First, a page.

Thursday, April 30, 2009
The Woman Who Found the Lost Piece of Silver
Pandita Mary Ramabai (1858-1922)
Social reformer, women's rights activist,
author, translator of the Scriptures
Rummaging around in a Church of England book on the saints for info on SS. Philip and James (for tomorrow's blog), I stumbled upon the commemoration, for today, of a woman I'd never heard of. Looking into her life, I'm blown away by the fact that she isn't more known, or even known, in our branch of the Church. What a fantastic role model, especially for women!
Ramabai Dongre was born in 1858, one of three children, two girls and a boy, to some very brainy Brahmin parents, Anant Shastri and Lakshmibai Dongre. Anant was a Sanskrit scholar and was very different from most Indian men in that he believed, contrary to prevailing custom, that women should be educated as well as men. He set about instructing Ramabai and her mother in Purani Sanskrit, but he paid a high price, both in being shunned by other men in the community and eventually losing an ashram for boys which he'd set up, because of financial difficulties.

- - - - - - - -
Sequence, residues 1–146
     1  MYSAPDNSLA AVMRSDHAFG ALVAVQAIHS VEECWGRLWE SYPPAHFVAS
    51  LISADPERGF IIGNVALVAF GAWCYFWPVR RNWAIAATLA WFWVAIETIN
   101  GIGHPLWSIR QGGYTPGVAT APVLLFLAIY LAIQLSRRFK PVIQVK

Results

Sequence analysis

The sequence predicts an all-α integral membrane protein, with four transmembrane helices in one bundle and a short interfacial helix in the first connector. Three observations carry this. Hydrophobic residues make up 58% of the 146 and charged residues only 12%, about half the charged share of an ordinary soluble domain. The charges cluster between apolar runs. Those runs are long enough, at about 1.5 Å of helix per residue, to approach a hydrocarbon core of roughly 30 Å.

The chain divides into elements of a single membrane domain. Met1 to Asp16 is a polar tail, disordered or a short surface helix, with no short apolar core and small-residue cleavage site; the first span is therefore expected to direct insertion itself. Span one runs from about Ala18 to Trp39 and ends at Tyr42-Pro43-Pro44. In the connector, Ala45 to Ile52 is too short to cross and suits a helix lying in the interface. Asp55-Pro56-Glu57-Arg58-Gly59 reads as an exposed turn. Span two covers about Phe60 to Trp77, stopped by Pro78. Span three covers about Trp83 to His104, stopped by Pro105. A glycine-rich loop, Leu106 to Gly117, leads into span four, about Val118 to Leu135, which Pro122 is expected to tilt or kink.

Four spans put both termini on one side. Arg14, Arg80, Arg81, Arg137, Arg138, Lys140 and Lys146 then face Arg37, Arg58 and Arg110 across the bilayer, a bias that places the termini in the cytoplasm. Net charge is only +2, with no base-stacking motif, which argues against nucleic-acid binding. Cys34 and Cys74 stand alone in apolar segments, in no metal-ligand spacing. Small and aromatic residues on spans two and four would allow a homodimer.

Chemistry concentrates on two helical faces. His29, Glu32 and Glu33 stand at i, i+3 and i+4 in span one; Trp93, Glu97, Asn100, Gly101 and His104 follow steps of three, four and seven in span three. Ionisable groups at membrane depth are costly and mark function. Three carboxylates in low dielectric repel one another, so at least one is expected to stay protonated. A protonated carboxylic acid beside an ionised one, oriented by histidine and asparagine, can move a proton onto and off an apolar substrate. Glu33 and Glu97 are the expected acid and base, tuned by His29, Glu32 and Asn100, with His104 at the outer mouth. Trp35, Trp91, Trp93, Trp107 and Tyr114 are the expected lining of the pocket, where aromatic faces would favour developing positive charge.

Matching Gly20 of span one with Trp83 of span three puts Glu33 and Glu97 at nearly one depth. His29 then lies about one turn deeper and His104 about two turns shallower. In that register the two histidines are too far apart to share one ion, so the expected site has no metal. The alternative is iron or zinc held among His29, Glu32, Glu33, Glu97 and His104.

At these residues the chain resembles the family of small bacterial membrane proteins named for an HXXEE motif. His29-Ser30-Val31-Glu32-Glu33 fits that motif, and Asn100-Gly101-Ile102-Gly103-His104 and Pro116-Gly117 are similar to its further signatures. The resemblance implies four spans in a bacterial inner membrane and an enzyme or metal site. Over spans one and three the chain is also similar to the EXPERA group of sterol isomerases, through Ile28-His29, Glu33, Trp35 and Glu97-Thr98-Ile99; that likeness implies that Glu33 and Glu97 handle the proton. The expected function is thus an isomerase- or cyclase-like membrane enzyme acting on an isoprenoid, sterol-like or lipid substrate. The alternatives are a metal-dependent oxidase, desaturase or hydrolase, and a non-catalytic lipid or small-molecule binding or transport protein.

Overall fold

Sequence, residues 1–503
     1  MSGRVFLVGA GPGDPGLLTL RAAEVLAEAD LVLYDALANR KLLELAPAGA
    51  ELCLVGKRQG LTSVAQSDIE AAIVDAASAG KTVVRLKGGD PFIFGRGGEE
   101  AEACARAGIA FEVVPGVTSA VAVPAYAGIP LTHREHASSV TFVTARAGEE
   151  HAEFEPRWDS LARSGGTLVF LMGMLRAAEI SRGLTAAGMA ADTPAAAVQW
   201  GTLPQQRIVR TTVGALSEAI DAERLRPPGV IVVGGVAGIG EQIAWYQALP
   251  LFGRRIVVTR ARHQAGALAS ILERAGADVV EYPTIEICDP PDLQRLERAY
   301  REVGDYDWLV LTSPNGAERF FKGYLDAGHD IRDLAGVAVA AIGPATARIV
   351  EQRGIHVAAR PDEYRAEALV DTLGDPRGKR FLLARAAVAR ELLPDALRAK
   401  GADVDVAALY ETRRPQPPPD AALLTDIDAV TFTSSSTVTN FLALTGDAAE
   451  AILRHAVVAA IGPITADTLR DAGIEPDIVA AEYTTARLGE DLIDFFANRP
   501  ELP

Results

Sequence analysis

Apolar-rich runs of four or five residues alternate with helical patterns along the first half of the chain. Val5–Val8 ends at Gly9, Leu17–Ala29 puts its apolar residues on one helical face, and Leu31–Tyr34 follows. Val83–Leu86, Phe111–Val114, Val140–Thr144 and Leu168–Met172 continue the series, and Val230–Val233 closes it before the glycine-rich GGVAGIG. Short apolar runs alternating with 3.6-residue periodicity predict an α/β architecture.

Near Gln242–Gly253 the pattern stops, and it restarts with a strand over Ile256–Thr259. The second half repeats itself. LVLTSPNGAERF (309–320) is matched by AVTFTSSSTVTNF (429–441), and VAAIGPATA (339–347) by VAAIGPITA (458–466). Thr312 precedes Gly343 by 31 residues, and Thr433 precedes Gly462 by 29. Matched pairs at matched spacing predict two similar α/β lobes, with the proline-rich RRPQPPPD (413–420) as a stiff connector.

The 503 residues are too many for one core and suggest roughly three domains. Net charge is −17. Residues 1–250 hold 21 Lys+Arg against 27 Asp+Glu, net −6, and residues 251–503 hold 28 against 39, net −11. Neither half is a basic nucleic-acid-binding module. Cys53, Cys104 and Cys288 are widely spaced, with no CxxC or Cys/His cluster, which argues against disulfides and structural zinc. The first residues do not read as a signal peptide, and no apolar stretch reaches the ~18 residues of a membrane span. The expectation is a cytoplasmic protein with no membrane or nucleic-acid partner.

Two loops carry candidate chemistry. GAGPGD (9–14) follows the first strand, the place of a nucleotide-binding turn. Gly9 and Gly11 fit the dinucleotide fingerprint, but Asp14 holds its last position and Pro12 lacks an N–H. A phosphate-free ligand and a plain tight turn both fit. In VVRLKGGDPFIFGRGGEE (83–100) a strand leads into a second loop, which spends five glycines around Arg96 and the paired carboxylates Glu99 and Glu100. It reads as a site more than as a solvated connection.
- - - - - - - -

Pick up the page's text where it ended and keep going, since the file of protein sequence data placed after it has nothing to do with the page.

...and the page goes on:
The whole family then became virtual nomads, travelling throughout India, the parents making their living by long hours of teaching, reciting and commenting on the Vedas and other Hindu texts. Meanwhile, Ramabai showed herself to be a fast learner, mastering 18,000 verses of the Bhagavata Purana in original Sanskrit by heart, and excelling in astronomy, botany, and physiology. You have to remember that at this time less than 1/4 of 1% of Indian women were able to read or write. Normally, too, Brahmin girls were expected to marry early, as soon as 9 or 10 years of age, and it was considered dishonorable for them to continue studies after that. Ramabai's father, further flying in the face of accepted tradition, refused to arrange a marriage for her.